Sometimes I find my own idiocy rather enigmatic. I can’t always put into words why I’m an idiot.
Tonight, however, it is clear. I will share, because I know my being an idiot is the only real draw to this blog.
It occurred to me at 11 p.m., just a few minutes ago, that I hadn’t fed or watered the chickens today. It also occurred to me that they had appeared hungry. In retrospect, I wonder why I chose to care.
I was sitting in the brown chair watching the Miami Heat spank that other team (not gonna pretend to care) like bad pet goats. I knew I had to go feed the dirty beasts. I was wearing pajamas. None of that was going to change. I just needed shoes. So I rolled up my pajama pants to my knees and put on my turquoise Keens. No sense in going into the coop with a bad sense of fashion. Just my appearance alone was going to demand their respect.
Like any smart idiot farm girl, I got myself a high powered flashlight and went out into the night, forming my plan in my head as I walked. I would turn on the lights to the pole barn. I would go into the coop and use the food in the red tupperware. I would quickly feed both sets of chickens, check their water, and get out.
The lights on the pole barn definitely made things less scary. It took the ax murderer element out of things. But it added the scary big spider element and I had to take a detour from my plans to go grab the spider killer. I am much braver in fights against spiders now that I know they make aerosol cans of toxic spider killer. I win every time. Even against this bad boy.
OK. Back to the chickens. I went into the coop where I stupidly left my red tupperware and stopped dead in my tracks. The little boogers had gotten the container open and had made a huge mess. It looked like a crime scene. Apparently they were NOT underfed today. They fed themselves like kings and then pooped like this was their last day on earth. Guess who will get to deal with that? Me again.
“You little stinkers,” I said to them. “Look what you’ve done.” All four of the big ones looked very guilty. Trust me. They did. This was a cartoonesque moment for me. They totally hate me. They totally know what they’re doing. But then there were the little guys, inside a bunny hutch in the coop. They weren’t privy to the thieving going on just outside their cage. And they were still hungry.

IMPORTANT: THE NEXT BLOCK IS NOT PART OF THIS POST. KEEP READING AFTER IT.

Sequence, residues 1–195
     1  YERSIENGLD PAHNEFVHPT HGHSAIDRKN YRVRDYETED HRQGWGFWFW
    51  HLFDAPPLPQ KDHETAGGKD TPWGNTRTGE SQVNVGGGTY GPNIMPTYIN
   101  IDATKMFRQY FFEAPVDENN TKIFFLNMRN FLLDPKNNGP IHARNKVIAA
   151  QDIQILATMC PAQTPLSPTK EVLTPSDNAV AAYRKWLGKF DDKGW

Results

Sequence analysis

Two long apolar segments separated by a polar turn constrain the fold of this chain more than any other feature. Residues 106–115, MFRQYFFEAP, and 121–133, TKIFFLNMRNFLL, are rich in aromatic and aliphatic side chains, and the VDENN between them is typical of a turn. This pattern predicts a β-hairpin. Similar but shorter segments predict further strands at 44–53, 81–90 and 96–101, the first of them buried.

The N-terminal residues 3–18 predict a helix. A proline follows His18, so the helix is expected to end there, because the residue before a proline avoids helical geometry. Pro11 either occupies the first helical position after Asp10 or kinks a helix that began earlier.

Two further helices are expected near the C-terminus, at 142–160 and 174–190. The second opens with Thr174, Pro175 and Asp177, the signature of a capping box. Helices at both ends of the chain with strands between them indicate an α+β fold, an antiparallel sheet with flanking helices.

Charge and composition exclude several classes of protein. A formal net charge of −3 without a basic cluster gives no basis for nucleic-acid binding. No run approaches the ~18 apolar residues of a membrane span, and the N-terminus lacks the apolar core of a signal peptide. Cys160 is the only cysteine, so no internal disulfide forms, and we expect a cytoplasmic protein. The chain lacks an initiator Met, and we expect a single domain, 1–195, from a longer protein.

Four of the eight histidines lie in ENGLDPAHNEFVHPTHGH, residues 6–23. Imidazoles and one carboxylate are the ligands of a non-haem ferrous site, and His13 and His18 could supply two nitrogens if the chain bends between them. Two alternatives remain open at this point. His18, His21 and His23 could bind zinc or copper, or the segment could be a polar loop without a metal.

So I got some food, cleaned the water containers out inside the house (normally I do this in the garden using a hose, but the garden was the most frightening place on earth tonight), and washed my hands both literally and metaphorically.
Many mistakes were made in this process. They are as follows:
- Forgetting the chickens early in the day when sunshine was my ally.
- Remembering at 11 that the chickens were hungry.
- Caring at all that I forgot and then remembered.
- Getting up to do something about the caring and the remembering and forgetting.
- Turning on the porch light, thus inviting every fly and scary bug in the county to come to a party at my back door, where my face was.
- Leaving the extra stored food in the actual coop (pretty sure this was an oversight, not a conscious decision).
- Traipsing through my downstairs with chicken water bottles, wearing the Keens that have just walked in a chicken coop. Yes, there were souvenirs.
It’s done now. I will leave you with this. I have at times heard the “Cost of Eggs” conversation between people who’ve never met an actual chicken. Eggs cost so much. Why does it cost $2.59 for a dozen? How do they get them so white? Should I buy organic? But eggs cost so much.
If you think you are paying too much for eggs, you are not.
You are not paying NEAR ENOUGH FOR EGGS.
That is all.